Current Affairs
Heart problems continue to be the greatest cause of death among the Maltese

A report by the European Commission has placed Malta among the people in the EU who live the longest, thanks to the health services in the country. However not everything is as rosy as it seems.

The report says that two out of every five people in Malta die as a result of obesity and smoking…with the greatest cause of death among the Maltese continuing to be heart problems.

The report also concludes that the greatest challenges facing public health in Malta are the consumption of alcohol and the increase in new HIV cases.

The report about the state of health of EU citizens shows that men and women in Malta are living to an average age of more than 82, and that they are healthy for that age. This rate, which has increased by four years when compared with the year 2000,  is among the highest in the EU.

The report says that although over a span of 16 years, the deaths related to heart problems have been cut down by half, they are still the largest cause of death among the Maltese, followed by cancer. One of the main challenges to public health is still obesity, with more than one fourth of adults and one third of young people considered to be overweight or obese.

Gemma Williams who worked on the report on Malta said that two out of every five people die from obesity and smoking.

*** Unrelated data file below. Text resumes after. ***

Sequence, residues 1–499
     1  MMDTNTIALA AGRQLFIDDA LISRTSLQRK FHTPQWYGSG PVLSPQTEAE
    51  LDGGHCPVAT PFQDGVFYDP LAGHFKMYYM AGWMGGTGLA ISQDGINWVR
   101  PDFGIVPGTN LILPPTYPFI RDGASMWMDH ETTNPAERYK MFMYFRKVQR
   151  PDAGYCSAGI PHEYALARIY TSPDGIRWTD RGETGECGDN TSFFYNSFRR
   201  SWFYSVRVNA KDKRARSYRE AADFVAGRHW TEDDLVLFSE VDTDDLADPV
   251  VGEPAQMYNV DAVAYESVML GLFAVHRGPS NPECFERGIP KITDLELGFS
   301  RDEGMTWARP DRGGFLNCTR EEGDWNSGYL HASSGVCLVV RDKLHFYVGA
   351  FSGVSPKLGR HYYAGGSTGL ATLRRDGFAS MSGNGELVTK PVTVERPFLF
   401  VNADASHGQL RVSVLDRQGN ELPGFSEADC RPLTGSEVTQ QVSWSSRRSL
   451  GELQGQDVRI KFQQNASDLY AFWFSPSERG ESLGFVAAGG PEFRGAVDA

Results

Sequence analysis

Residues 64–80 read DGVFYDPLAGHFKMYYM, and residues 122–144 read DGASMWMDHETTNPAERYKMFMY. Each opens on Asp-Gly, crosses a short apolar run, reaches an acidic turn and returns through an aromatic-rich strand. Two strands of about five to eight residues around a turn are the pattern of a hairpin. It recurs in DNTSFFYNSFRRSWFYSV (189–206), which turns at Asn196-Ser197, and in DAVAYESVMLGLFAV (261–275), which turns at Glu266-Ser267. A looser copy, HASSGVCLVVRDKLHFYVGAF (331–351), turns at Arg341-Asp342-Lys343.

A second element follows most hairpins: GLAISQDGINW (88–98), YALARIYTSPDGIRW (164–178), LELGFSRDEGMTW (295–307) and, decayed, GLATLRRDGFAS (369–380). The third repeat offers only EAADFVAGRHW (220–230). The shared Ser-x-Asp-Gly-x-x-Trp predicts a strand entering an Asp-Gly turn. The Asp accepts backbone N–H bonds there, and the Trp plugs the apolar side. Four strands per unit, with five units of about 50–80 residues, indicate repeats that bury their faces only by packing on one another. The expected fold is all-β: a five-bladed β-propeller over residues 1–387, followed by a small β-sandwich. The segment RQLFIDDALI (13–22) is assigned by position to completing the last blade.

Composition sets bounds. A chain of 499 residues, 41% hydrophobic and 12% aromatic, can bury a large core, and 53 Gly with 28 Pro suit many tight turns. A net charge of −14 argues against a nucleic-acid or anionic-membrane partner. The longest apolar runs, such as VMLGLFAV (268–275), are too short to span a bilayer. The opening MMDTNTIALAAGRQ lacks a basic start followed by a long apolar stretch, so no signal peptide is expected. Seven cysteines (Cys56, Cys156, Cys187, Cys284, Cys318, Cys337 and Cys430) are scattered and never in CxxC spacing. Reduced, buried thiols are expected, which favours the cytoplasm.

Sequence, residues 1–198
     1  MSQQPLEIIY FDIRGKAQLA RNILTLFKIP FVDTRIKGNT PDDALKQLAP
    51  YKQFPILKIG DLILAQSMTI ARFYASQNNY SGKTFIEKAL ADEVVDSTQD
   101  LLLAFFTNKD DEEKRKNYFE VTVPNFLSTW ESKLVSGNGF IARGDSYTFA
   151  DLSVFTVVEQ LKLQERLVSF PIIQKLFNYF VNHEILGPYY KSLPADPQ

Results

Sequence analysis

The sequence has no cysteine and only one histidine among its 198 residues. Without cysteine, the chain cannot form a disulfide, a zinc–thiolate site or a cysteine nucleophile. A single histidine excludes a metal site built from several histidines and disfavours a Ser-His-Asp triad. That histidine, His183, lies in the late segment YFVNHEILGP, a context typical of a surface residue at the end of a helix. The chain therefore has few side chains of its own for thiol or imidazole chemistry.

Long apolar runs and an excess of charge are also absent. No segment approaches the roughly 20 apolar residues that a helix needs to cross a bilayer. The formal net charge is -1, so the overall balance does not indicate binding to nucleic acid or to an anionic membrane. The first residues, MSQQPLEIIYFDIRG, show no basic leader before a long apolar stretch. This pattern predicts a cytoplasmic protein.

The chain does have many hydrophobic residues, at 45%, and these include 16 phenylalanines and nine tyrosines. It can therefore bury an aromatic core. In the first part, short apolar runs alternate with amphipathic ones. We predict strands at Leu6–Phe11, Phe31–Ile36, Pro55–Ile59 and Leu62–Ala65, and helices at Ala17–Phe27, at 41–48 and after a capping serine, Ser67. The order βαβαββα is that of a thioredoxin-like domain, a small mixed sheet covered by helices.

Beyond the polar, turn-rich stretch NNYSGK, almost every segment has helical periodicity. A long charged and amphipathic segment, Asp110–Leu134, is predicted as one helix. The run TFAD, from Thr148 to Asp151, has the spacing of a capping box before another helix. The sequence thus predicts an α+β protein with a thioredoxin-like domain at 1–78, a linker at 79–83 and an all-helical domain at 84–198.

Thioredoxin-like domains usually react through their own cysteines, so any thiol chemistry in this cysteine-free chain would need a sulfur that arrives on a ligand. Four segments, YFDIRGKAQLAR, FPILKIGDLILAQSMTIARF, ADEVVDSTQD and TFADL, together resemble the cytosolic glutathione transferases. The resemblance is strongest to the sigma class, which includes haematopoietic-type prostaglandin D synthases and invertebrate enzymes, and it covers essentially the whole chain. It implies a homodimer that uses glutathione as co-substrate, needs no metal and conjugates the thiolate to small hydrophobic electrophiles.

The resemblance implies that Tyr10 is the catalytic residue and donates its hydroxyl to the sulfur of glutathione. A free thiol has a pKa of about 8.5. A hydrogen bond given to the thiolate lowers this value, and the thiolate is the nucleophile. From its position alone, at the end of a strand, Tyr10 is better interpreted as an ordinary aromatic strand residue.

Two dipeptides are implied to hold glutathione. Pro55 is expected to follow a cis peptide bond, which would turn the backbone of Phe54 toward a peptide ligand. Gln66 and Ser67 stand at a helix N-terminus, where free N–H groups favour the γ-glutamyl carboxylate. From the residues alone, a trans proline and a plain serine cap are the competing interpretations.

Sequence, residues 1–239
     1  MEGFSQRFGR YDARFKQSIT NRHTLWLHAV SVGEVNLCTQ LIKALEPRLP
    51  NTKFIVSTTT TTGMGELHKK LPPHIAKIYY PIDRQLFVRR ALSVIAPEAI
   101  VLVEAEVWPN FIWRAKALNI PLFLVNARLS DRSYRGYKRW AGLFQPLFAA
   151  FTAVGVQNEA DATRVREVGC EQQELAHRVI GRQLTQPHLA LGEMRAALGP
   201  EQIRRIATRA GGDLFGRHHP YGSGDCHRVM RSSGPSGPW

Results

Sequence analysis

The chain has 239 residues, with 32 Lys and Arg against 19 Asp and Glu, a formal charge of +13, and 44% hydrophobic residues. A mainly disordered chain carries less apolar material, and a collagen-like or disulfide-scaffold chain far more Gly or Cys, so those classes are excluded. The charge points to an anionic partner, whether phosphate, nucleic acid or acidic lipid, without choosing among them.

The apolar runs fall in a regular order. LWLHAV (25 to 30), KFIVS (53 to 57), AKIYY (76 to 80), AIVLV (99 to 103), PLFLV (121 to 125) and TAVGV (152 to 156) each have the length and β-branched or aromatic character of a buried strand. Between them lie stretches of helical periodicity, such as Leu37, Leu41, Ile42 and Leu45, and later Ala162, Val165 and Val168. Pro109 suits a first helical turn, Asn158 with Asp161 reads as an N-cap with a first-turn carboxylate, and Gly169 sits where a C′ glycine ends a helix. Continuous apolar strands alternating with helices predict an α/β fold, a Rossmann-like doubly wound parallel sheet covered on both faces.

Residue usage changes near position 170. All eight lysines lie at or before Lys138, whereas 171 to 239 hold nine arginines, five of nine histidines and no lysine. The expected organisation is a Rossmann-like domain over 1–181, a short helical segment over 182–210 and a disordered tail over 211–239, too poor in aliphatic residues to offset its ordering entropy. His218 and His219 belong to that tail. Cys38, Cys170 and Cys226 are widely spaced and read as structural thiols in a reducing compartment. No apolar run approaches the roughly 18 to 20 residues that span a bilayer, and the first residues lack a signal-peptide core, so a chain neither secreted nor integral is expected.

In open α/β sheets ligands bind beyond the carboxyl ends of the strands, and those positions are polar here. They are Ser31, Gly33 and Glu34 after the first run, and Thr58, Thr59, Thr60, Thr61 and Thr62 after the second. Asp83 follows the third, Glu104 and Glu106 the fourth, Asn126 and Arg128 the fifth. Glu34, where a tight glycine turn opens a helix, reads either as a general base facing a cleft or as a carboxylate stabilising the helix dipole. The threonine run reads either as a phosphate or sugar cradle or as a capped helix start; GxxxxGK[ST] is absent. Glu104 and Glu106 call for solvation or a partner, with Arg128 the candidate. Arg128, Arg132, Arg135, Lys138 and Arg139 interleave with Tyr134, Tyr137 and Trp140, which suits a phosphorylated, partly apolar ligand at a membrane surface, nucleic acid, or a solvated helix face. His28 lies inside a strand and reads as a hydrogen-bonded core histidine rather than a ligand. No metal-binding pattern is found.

“Obesity rates for both adults and children are now the highest in the EU so that is obviously a major public health challenge to be addressed.”

She explained that another concern is the consumption of alcohol and other diseases prevalent in society.

“There are also concerns about diabetes, newly diagnosed cases of HIV and mental health and these issues need tackling going forward.”

The report says that the expenditure on health in Malta is 9.3% of the Gross Domestic Product….slightly less than the EU average.

The document mentions that medical professionals have increased but that there are not enough nurses to cope with the health services. The report notes that although the patients who are cured of cancer have increased,  the rate of screening among the Maltese is still too low.

The report says that Malta has managed to reduce the waiting list for operations, but it also mentions the challenge of long waiting times for outpatients, with some people finding a solution by going to a specialist in a private clinic or hospital, which can lead to injustice for those who cannot afford to do this. The report stresses the need for continuous investment in primary care.

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